Evaluation of the efficiency of patient flow at three HIV Clinics in Uganda
Wanyenze, Rhoda K.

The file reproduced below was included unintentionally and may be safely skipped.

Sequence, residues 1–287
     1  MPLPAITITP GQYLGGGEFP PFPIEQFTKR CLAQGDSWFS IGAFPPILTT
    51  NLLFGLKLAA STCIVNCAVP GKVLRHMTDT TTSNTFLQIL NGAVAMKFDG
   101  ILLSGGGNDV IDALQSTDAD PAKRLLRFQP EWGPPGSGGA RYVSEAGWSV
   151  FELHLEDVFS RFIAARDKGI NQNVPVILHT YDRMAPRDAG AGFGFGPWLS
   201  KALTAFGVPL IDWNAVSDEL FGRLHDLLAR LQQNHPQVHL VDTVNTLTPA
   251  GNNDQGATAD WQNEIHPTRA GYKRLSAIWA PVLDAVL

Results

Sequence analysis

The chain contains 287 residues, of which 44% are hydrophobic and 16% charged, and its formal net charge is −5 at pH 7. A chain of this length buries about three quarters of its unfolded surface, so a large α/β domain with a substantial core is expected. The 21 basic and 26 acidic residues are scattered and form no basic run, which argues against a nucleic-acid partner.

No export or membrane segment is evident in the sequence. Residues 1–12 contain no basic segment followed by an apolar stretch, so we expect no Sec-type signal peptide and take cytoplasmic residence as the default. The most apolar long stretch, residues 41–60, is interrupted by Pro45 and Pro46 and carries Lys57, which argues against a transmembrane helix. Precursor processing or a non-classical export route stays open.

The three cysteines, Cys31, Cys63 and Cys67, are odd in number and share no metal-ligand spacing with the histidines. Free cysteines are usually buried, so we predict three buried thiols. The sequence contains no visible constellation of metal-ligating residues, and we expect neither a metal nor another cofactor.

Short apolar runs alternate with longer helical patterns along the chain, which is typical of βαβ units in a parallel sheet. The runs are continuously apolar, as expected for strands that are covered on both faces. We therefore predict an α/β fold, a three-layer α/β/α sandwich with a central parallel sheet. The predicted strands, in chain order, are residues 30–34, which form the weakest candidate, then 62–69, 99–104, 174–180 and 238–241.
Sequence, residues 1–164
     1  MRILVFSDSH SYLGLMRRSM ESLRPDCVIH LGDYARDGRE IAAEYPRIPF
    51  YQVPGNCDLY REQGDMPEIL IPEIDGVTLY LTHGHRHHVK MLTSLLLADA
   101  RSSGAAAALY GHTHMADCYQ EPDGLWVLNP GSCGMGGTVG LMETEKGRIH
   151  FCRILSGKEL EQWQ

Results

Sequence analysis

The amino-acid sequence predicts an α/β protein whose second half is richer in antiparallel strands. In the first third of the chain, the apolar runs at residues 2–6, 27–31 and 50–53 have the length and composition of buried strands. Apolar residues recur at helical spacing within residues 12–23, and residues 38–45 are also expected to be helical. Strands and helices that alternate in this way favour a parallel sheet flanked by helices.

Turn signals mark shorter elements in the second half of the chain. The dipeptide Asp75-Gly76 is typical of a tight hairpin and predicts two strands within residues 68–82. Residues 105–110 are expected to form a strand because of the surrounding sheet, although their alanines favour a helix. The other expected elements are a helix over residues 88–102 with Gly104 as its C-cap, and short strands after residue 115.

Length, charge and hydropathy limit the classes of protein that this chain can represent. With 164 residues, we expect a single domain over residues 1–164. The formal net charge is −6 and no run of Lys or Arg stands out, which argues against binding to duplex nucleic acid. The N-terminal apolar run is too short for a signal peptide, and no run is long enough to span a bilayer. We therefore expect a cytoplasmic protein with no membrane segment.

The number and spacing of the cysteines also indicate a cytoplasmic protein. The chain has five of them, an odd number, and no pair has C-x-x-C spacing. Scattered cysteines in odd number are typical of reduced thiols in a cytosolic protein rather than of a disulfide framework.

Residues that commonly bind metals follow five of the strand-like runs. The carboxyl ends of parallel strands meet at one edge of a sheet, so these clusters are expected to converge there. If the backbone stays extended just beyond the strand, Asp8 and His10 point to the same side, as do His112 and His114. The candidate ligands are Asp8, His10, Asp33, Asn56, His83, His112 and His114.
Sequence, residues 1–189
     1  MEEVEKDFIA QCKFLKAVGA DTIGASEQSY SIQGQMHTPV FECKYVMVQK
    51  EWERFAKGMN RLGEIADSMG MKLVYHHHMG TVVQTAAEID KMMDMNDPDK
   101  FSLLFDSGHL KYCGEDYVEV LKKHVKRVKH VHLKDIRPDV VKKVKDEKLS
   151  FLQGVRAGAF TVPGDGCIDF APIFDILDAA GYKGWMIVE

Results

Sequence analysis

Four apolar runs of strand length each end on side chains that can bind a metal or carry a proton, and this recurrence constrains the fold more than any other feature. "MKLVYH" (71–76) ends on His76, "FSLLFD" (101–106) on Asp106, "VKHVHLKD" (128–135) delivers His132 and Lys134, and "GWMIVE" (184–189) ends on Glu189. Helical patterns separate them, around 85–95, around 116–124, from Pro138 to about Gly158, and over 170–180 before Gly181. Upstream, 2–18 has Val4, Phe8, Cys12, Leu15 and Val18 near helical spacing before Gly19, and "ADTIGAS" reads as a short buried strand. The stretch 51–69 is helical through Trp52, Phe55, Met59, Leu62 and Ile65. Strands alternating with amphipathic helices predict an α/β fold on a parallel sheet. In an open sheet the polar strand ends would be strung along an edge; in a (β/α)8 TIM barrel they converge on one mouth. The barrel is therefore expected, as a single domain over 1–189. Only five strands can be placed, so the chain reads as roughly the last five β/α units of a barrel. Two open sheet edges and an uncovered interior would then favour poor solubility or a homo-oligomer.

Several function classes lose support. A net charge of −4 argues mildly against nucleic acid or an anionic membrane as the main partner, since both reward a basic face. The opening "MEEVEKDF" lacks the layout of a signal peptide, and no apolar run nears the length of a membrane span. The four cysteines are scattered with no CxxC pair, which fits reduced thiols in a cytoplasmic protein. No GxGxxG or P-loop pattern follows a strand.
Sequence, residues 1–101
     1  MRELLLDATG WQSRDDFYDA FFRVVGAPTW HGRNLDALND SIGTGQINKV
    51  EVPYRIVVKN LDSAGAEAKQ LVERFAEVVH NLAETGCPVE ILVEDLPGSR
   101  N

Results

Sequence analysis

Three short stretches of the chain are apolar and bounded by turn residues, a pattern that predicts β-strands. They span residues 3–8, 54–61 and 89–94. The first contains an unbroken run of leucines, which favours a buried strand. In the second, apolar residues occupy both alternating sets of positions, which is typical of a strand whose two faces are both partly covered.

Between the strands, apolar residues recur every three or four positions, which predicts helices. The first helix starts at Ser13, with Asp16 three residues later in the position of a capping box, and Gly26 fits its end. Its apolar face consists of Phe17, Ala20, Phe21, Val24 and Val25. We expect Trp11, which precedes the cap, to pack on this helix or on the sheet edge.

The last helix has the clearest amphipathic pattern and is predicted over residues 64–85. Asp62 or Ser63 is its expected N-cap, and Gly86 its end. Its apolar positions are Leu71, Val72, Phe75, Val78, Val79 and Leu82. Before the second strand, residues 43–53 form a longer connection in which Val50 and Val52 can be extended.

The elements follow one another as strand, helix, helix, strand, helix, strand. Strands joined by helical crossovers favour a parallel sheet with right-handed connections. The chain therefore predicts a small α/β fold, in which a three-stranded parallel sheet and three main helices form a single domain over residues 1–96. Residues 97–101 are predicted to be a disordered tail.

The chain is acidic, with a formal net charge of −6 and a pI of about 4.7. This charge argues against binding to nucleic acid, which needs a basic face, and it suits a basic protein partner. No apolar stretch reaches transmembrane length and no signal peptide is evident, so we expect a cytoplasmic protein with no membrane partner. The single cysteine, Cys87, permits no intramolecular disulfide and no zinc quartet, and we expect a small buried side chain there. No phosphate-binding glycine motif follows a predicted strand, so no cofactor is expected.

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With dramatic increases in antiretroviral therapy (ART) provision, many clinics in sub-Saharan Africa are congested, but little attention has focused on the efficiency of clinics. Between April and June 2008, we conducted a time-and-motion study to assess patient flow at three HIV clinics in Uganda. Mulago HIV Clinic had 6,700 active patients, compared with 2,700 at Mbarara Municipal Council Clinic (MMC) and 2,800 at Reachout Mbuya (ROM). Mulago had six doctors and eight nurses; MMC had two doctors and two nurses, and ROM had two doctors and 12 nurses. Mulago and MMC used a doctor-led model, whereas ROM used a nurse-led model. Randomly selected patients were tracked, with data collected on time waiting and time spent with providers. Patients were categorized as new, preparing for ART, early ART, stable ART, or non-ART. Doctors indicated whether the patients they saw warranted their consultation. Data were collected on 689 patients (230 at Mulago, 229 at MMC, and 230 at ROM). Overall waiting time was longest at ROM (274 min; 209–346) and Mulago ISS (270 min; 230–336) compared with MMC (183min; 148–233). Nurse-clinicians at ROM spent twice the time with patients compared with the doctors at Mulago. At Mulago, doctors indicated that 27% of the patients they reviewed did not need to see a doctor, compared with 45% at MMC. Task-shifting may not be efficient in terms of time. More-effective triage and longer visit intervals could improve patient flow and capacity for cost-effective scale-up.